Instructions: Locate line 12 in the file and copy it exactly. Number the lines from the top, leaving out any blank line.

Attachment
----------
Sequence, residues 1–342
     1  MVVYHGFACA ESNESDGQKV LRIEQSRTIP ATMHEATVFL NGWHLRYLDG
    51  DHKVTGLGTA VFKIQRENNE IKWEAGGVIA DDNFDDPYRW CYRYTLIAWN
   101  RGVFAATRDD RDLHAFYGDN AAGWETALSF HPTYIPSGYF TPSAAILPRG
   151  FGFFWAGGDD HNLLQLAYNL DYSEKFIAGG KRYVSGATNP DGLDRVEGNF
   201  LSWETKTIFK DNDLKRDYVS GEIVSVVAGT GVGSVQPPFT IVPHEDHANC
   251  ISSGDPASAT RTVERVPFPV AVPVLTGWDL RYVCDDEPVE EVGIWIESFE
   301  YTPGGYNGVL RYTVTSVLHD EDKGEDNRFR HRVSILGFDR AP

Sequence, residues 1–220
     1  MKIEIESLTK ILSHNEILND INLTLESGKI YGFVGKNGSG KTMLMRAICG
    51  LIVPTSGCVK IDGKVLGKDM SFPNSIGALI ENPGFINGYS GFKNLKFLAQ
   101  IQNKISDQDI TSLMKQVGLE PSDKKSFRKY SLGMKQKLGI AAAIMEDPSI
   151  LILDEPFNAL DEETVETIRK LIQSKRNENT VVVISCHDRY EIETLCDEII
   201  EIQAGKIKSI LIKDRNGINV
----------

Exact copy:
   101  IQNKISDQDI TSLMKQVGLE PSDKKSFRKY SLGMKQKLGI AAAIMEDPSI